Global aviation focal point: Bangkok, Singapore and the role of the Star Alliance
Southeast Asia is steadily becoming the focal point of global aviation. When headed for Southeast Asia, most travellers fly to/from or via one of two cities: Bangkok or Singapore. And they are most likely to do so on a Star Alliance member carrier. Recently CAPA reviewed the world’s top routes and found that the rankings confirmed the rise of Asia as the largest, and fastest growing, aviation market. Using CAPA’s Route Analyser Tool, we will now consider the most travelled routes between different regions and how traffic flows are concentrated – or not – on these sectors. First the seats available between Europe and Southeast Asia is reviewed.
See related article: The world's top ten routes are in Asia Pacific
Concentrated at both ends
Even a cursory glance reveals the repeated appearance of a handful of airports. Of the leading Southeast Asia-Europe markets, over 75% of the seats originate in either Bangkok or Singapore, confirming their status as the region’s primary hubs.
In the series in which we analysed the world’s top airports (Number 17, Bangkok) for 2011, Bangkok, with 79 airlines, trailed only Heathrow with 86, for the world’s airport with the largest selection of carriers. While Singapore has fewer airlines, its home carrier operates a growing fleet of A380s, which provides high seat counts. The Zurich-Singapore route has but one daily non-stop, and is operated with an SQ A380, placing it in 15th position.
Lufthansa Group and AF/KL home airports dominate in Europe
At the European end, the breakdown of services by operating carrier or group also reveals a rather concentrated picture, with 15 of the 25 city pairs operating from either AF/KL or Lufthansa group hubs.
However, this does not mean the flights are all operated by these airline groups. As mentioned above, the ZRH-SIN service is operated by Star partner SQ with a Swiss codeshare.
Additionally, almost all of the top seat offers are generated at airports clustered in central Europe and the UK. With the exception of Milan at position 25, there is no representation of southern Europe or the Iberian Peninsula until much further down the list. Spain, represented by Barcelona, does not appear until position 44.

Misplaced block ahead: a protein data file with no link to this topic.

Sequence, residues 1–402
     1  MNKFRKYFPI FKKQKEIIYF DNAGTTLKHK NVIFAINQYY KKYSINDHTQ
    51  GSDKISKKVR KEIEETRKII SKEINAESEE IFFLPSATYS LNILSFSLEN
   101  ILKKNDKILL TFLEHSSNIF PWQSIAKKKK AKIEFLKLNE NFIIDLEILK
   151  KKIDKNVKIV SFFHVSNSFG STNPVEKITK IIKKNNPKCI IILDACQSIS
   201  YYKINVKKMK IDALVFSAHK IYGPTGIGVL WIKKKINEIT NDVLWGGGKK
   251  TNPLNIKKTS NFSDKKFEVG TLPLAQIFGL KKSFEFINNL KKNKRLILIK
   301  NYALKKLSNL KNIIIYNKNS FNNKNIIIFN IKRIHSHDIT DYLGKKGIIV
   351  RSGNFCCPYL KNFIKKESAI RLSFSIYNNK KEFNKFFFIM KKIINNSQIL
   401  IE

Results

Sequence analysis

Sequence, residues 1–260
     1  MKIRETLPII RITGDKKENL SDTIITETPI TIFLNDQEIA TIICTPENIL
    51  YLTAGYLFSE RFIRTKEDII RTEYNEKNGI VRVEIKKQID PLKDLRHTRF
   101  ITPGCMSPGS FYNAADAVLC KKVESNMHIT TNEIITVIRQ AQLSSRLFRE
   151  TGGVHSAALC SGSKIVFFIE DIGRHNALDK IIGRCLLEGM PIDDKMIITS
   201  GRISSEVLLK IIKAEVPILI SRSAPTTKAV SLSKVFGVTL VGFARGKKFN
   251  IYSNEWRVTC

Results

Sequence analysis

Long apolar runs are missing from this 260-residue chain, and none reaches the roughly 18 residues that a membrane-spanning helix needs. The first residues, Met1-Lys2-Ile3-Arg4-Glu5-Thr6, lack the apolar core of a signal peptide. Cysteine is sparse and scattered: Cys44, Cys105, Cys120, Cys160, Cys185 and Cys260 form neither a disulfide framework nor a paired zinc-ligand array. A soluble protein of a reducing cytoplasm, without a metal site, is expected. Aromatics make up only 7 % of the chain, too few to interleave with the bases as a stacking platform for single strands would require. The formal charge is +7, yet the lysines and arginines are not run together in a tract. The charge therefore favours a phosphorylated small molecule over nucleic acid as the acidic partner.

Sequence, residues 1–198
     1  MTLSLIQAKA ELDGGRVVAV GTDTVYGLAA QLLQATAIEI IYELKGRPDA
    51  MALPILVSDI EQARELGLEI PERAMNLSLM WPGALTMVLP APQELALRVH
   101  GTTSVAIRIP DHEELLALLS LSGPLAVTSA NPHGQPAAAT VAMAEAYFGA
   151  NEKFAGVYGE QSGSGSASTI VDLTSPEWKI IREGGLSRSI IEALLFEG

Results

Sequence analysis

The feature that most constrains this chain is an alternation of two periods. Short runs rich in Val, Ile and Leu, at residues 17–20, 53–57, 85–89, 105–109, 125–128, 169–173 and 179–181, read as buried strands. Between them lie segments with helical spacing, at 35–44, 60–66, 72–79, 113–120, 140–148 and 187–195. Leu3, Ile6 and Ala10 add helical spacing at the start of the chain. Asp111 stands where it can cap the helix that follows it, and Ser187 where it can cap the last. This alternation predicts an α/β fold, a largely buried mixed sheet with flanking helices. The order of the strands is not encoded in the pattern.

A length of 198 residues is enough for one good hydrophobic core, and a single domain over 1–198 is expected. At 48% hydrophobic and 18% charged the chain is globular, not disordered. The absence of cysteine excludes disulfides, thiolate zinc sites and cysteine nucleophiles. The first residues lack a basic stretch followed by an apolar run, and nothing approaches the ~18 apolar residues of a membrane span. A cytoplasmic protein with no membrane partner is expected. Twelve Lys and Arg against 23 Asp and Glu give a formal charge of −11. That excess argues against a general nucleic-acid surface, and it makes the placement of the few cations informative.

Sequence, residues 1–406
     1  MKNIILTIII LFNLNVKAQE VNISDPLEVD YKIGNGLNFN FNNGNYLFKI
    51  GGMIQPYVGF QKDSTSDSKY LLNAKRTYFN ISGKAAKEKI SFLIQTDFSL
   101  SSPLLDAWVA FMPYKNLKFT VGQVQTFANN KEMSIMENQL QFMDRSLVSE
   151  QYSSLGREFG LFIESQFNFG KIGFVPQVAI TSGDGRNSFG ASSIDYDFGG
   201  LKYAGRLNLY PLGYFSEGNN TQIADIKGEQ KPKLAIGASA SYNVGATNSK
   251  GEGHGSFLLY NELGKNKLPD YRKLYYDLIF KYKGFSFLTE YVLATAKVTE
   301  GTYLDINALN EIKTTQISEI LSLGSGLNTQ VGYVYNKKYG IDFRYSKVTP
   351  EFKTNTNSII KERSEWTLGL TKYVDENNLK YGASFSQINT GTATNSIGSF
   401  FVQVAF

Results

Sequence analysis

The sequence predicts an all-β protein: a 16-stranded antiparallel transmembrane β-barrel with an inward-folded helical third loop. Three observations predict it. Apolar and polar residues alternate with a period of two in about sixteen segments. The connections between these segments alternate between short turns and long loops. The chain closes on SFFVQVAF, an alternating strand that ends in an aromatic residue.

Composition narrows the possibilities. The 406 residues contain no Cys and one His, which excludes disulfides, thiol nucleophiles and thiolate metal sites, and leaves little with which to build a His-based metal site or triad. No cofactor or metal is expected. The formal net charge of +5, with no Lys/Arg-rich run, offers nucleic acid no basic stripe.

Converting another parametre available via the Route Analyser Tool, the next chart shows frequencies rather than seats with the same city pairs displayed but in a different order in some cases, attributable to aircraft size.
In alliance terms, it is Star
Looking at alliance strength, a similar kind of concentration is present with Star, thanks to Bangkok (Thai Airways) and Singapore (SIA), riding high. In Europe, 11 of the end point airports are home to Star members and in Asia, a whopping 19. This high degree of interconnectivity also means Star holds an advantage in the regional dispersal of the traffic as well.
Alliance presence on top 25 routes
oneworld lags considerably in the display, with only Heathrow and Helsinki in Europe and Kuala Lumpur in Asia. And since one of the routes, KL-Stansted (soon moving to Gatwick) is operated by Air Asia X, KL moves to the unaligned group on that sector.
There are also possible new players. Now that Garuda has been recertified for service by EU regulators, Jakarta may slowly move into the top group – especially to Amsterdam. Elimination of the Kuala Lumpur stop by KLM on its Jakarta service would immediately put that route into the top 25 and a companion non-stop by Garuda would move it even further up the list.
Finally, as more carriers take delivery of A380s, the overall number of seats is very likely to climb as airlines including Malaysia Airlines and Thai Airways deploy larger aircraft on key European routes.